A 7.2 magnitude earthquake strikes the central Philippines, causing at least 142 deaths and unprecedented damage to cultural treasures.
"This is really a disaster. We are doing our best to restore normalcy in the affected areas," Lt Gen Roy Deveraturda, commander of the military's disaster response and relief operations, said during a press briefing on Wednesday.
Authorities expect the number of fatalities to rise as rescue and retrieval operations, especially in areas where landslides occurred, continued on Wednesday.
Deveraturda said at least five people remained missing in Tagbilaran City, capital of Bohol province, where the epicenter of the earthquake was located.
Families camped outside over night for fear of falling debris caused by strong aftershocks. As of Wednesday morning, the Philippine Institute of Volcanology and Seismology reported 725 aftershocks.
"I did not sleep. I just contented myself watching my family trying to have rest as the tremor went on," said Lure Dumaluan, a resident of Tagbilaran. "We're evacuees on our own ground," she said.
Deveraturda said affected families need relief goods, while evacuation centers need tents because residents refused to go back to their homes.
The incoming president of the Philippines Bishops' Conference urged the faithful to be "more charitable" by helping those affected by the earthquake.
"We are saddened because many lives were lost and many people are now suffering … but our sadness should be turned into prayer, then prayer should then be translated into charity," said Archbishop Socrates Villegas of Lingayen-Dagupan.
Rey Balido, spokesman of the National Disaster Risk Reduction and Management Council, said most of the fatalities were from the worst hit provinces of Bohol and Cebu.
Most of the victims were pinned down by falling debris he said at a press briefing in Manila.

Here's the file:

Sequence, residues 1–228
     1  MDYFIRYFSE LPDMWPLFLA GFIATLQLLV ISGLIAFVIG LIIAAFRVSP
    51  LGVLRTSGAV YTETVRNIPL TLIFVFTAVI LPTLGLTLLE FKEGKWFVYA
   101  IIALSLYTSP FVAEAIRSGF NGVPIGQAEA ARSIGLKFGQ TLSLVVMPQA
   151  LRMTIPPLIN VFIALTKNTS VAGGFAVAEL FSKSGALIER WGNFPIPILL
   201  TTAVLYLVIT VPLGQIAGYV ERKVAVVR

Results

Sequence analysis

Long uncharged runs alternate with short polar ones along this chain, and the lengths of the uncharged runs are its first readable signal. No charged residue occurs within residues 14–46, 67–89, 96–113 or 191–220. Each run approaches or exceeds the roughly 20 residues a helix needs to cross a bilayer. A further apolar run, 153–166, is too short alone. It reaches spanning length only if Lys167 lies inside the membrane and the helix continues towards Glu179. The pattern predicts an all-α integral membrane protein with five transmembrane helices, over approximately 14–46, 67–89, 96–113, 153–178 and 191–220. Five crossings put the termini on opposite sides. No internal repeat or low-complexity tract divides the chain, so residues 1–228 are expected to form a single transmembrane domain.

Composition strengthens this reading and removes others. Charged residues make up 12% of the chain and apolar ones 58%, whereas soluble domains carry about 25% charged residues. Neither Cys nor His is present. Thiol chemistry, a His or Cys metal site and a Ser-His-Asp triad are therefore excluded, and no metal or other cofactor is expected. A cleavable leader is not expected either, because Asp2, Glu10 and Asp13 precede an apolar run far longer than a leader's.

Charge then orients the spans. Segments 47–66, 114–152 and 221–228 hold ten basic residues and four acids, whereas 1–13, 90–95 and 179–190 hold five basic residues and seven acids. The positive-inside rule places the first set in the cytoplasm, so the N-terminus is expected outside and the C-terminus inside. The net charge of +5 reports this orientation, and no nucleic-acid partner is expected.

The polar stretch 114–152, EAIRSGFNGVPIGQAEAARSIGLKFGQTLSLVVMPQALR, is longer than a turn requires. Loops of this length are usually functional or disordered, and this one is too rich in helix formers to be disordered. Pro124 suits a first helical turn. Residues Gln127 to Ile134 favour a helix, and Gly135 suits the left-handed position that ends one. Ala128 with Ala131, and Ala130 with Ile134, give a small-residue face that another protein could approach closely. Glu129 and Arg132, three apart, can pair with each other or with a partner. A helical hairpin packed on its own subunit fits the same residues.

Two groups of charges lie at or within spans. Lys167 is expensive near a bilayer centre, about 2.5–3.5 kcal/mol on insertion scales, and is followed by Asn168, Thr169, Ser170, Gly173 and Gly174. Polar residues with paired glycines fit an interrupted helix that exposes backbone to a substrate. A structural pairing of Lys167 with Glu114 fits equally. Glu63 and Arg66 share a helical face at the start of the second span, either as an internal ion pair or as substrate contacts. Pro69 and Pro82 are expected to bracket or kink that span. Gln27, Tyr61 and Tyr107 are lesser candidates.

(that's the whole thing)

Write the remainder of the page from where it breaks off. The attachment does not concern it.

The council pegged the number of affected population at 2,841,956 individuals.
Classes in all elementary and high schools in eight areas in the central Philippines have been suspended, pending the inspection of school buildings. The suspension will affect at least 4,000 elementary and secondary school students.
The Department of Public Works and Highways said at least 18 bridges collapsed.
The 7.2 magnitude quake destroyed centuries-old churches, private and government facilities, and other infrastructure, mostly in Bohol and Cebu.
The Philippine archipelago is located in the Pacific “Ring of Fire,” where earthquakes and volcanic activity are common.
In yesterday's earthquake, four centuries-old churches, which were declared by the government as "national cultural treasures," were damaged.
Among the damaged churches are the Church of San Pedro in Loboc, the Church of Our Lady of the Immaculate Concepcion in Baclayon, the Shrine of St Vincent Ferrer in Maribojoc, the Church of Our Lady of the Assumption in Dauis and the Church of Our Lady of Light in Bohol.
The National Commission for the Culture and Arts appealed to the public to stay away from the damaged churches to keep them safe and minimize damage.
“It has never happened that this kind of disaster has caused so much damage to our cultural treasures," Trixie Angeles, commission legal consultant, told ucanews.com. She said the last major earthquake that hit the area was in 1700.
Bishop Leonardo Medroso of Tagbilaran said Masses in affected areas will be celebrated in makeshift tents. He said it is up to the priests whose parishes were damaged "to improvise."
"Masses can be celebrated in a different place adjacent to the church," said Father Genaro Diwa, executive secretary of the Commission on Liturgy of the bishops' conference. "There is no reason to disrupt the Masses."
Some churches in the Archdiocese of Cebu cancelled Masses as a "precautionary measure," Msgr Achilles Dakay, spokesman of the Archdiocese of Cebu, told ucanews.com. Masses are being held outside of churches as authorities assess the fitness of the structures.
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